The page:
As the crisis in South Sudan continues to spiral out of control, the country is in urgent need of assistance – both political and humanitarian. The Head of the United Nations Mission in South Sudan (UNMISS) recently reported that the world’s youngest country has 7.6 million people in need of aid.

Thanks to the Rev. Jim Leuenberger of McKeesport Presbyterian Church for arranging the interview with Alchol.

Passages Lite is an edited on-line version of interviews with people of hope and faith that will be prepared for an expanded radio use heard on over 200+ stations each weekend.

Host for this special peacemaking version of Passages is Pam Merry an elder/church member at Crestview Community Church PCUSA in Callery, PA.

Executive Producer is the Rev. Dennis C. Benson and Associate Producers are Gregg Hartung and Bill Wolfe. It is a gift from your Presbyterian and United Methodist friends.

It is a production of the Presbyterian Media Mission.

Our prayers are with our friends from South Sudan and the other 15 International Peacemakers from around the world!


One Bullet through the neck!

On Passages stories of faith and hope this Veterans Day we take a ride in a jeep with Bill during World War II.  Click on the audio link below and read along as Bill shares his story.

Host: A bullet from a sniper destroys the radio on a soldiers back!

Bill: I used to ride in the right hand side of the jeep which was actually the death seat. Snipers would always pick out the guy on the right-hand side thinking he had rank. I was always reluctant to ride there but if my Sergeant wanted to ride there, I certainly let him ride there, I never got up there, I would ride anywhere else.

Host: A man lucky with his brushes with death. This is Passages where people offer their stories of hope. I’m Dennis Benson. Today Bill shares in his own words, one dangerous moment during the war.

Bill: I would keep my rank hidden because I don’t want to draw attention to it. But we had occassions where I was carrying a radio on my back one time. And I was trying to keep liason between various groups that I was working with. And I came back to the starting point and the radio had been shot off my back. The holes through the radio and I was bleeding from my neck. And apparently a round had come through the radio and struck me in the neck and was bleeding. I suddenly realized how close I had come because one bullet through your neck would have taken care of you. And so I flicked it off, wiped it off and put a bandaid on it and thought nothing of it, until much later. I started thinking about it, problem much later, hey one bullet could have taken care of me that time. But you don’t think of those things when your young.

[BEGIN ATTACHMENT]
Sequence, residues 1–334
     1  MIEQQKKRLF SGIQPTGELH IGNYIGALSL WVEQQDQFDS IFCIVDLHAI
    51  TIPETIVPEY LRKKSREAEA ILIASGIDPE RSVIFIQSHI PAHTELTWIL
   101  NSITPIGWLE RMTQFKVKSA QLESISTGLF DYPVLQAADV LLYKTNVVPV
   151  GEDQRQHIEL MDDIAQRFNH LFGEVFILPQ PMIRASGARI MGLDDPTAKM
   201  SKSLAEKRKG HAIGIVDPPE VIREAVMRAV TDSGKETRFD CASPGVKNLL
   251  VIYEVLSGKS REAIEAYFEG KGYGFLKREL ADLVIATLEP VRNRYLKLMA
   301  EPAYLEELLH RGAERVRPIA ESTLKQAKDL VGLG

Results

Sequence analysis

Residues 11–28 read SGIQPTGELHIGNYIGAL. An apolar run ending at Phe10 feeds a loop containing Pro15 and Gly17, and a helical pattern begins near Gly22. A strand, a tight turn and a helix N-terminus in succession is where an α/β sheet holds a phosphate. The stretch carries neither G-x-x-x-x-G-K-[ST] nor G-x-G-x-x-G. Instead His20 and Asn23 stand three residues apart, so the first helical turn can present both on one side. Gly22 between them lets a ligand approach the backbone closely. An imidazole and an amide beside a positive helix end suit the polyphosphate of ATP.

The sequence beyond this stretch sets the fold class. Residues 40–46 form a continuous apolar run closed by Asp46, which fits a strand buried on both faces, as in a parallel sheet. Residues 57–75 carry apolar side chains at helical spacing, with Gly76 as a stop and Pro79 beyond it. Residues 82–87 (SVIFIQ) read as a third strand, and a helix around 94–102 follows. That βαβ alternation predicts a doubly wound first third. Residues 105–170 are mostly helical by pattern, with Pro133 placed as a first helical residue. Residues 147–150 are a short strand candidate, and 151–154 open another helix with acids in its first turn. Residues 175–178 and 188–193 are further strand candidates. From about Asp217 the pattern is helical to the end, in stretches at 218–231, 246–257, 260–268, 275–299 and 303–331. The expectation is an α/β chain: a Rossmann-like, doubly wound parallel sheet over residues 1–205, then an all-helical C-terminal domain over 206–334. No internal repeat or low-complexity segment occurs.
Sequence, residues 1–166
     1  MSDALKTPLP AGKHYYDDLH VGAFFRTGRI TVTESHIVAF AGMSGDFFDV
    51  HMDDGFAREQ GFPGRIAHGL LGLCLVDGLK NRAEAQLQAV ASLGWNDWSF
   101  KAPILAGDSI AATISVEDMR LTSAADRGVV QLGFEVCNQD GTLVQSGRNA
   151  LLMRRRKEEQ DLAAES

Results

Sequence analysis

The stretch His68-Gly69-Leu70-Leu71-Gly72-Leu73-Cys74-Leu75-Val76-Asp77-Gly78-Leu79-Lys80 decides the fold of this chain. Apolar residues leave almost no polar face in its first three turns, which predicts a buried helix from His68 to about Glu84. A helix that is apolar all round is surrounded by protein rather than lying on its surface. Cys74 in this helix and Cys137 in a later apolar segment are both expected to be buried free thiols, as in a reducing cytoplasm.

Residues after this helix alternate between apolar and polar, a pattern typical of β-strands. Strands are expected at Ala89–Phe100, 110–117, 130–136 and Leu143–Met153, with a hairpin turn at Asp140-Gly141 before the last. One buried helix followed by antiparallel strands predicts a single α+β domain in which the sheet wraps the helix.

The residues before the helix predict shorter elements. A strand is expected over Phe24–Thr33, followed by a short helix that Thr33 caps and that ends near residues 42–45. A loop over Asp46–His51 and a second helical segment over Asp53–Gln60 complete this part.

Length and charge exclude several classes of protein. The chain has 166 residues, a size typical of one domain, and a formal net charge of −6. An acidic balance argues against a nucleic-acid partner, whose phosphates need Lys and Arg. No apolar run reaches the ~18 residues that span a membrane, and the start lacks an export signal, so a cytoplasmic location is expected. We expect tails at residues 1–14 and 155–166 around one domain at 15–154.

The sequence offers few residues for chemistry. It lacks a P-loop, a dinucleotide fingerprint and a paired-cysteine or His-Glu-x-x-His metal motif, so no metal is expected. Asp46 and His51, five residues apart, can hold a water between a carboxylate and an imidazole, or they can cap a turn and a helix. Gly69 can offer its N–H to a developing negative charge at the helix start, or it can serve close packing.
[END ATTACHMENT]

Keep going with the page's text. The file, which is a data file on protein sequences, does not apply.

Host: The story of Bill’s joy for life is a gift from your Presbyterian and United Methodist friends.

We are thankful for those who have served in the military, like Bill, to defend our country!

We pray for all our military serving in harms way.


Want to participate in the Mister Rogers’ Sweater Drive?

The Mr. Rogers’ sweater drives are put together by individual churches and other organizations. Gregg Hartung suggests the following steps to start a local sweater drive:

Contact local organizations to see if they need sweater donations.

Download the Mr. Rogers’ Neighborhood Sweater Drive graphic and promote the event in worship, in bulletins and newsletters as well as on social media.